Wright appears to be only the second U.S. citizen detained since Venezuela last year freed five oil executives from Houston-based Citgo and two other Americans in exchange for the U.S. government’s release of two nephews of Maduro’s wife who had been imprisoned on narcotics charges.

The 6-foot-10-inch (208-centimeter) Berkeley, California, native and Loyola Marymount University graduate has for more than a decade divided his time between Oakland, Miami and South America while working remotely as a mortgage loan officer, his family said.

“He loved the nomadic lifestyle,” said Stewart, who didn't know her son was in Venezuela until she learned of his arrest. “Everywhere he went he was seen as a gentle giant, and immensely loved.”

Stewart says she has spoken to her son only once since his ordeal began, after family and friends scrambled to pay a hefty ransom to his captors that they could barely afford. Wright recounted how he was stopped by police while in a park with a woman who had drugs on her. His family suspects she was part of a set-up. Later, once police ruled out any criminal wrongdoing by Wright, they determined he had no stamp in his passport and handed him over to immigration authorities for deportation, Stewart says.

It’s unclear what happened next. But other inmates have told his family that Wright is being held in a former textile factory-turned detention center run by Venezuela’s feared military counterintelligence. Scores of former political prisoners have reported being tortured and abused in the facility’s basement, referred to menacingly by guards as the “House of Dreams.”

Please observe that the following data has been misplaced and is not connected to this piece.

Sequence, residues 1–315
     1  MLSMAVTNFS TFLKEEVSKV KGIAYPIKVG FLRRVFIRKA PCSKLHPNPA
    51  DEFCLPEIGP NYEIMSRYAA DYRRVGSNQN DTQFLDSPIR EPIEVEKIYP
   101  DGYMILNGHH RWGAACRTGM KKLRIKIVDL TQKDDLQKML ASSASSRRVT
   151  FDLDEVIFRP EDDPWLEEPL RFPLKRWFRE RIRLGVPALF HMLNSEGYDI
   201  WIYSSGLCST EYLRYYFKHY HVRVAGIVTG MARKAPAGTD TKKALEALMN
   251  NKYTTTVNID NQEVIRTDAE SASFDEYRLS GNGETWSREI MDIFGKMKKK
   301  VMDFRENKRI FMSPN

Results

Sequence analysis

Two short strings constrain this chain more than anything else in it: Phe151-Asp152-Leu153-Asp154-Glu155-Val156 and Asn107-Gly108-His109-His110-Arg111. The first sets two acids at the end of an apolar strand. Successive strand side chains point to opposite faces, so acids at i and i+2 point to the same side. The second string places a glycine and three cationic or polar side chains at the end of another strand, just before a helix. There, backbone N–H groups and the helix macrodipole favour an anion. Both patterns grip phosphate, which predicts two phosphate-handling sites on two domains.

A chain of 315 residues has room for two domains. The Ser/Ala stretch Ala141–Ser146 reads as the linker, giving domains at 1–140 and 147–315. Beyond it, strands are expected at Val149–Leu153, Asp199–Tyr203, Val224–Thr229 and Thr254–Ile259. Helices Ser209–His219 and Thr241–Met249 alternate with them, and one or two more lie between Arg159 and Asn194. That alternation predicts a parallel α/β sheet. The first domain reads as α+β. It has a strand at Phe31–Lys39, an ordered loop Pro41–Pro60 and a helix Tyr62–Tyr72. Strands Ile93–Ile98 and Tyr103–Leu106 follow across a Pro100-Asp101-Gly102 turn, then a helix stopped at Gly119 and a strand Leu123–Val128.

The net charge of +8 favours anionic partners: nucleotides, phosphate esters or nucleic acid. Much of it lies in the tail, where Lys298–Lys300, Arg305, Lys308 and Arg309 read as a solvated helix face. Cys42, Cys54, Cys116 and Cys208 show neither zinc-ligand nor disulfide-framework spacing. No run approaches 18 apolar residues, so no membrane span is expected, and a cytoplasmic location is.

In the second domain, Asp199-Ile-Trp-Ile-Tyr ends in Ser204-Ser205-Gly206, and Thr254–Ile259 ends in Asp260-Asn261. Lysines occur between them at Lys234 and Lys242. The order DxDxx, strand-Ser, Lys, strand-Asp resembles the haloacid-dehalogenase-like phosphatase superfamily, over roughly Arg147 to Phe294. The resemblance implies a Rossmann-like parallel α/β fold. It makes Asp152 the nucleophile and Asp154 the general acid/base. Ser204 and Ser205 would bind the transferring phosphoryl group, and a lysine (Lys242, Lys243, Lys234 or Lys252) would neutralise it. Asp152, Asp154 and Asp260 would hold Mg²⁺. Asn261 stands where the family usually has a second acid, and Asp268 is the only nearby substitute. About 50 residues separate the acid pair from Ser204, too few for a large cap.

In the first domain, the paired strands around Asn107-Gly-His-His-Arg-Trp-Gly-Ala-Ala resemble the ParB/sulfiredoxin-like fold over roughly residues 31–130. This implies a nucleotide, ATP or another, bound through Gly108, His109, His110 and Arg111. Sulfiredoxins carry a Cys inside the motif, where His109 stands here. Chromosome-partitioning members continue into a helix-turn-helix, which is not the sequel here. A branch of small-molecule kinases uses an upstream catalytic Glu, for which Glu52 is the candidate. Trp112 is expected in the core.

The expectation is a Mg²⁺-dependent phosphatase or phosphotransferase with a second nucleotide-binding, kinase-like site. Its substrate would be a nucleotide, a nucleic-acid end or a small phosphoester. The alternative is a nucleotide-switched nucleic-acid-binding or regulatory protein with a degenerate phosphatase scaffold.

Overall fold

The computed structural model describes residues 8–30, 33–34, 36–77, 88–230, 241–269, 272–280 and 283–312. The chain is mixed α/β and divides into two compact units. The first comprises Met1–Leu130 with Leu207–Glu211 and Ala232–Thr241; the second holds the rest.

Stewart says she fears her son is also being subjected to psychological torture. Her son’s health is also a concern due to strict dietary restrictions caused by severe food allergies.

Venezuela’s Attorney General Tarek William Saab didn’t provide any information about Wright’s case.

The other U.S. citizens detained in Venezuela include two former Green Berets — Luke Denman and Airan Berry — who were involved in an attempt to oust Maduro in 2019, as well as three men — Eyvin Hernandez, Jerrel Kenemore and Joseph Cristella — who were detained for allegedly entering the country illegally from Colombia.

Wright’s family is speaking out because they feel the U.S. government hasn’t done enough to free him. After complaining to the FBI that their son was being extorted, they were directed to the State Department, which has limited diplomatic tools to secure the release of Americans in a politically turbulent country where the U.S. Embassy has been shuttered since 2019.

The State Department didn’t respond to emailed questions about whether U.S. officials have raised Wright’s detention with Maduro’s government.

“As Americans, when a loved one is in this horrific situation, you think someone is going to be there to help and when they don’t it’s the worst feeling in the world,” said Moizeé Stewart, Wright’s sister. “It’s sickening that they would throw their hands up in the air and say we have no diplomatic relations with Venezuela so we can’t do anything.”


Goodman reported from Miami; Tucker from Washington.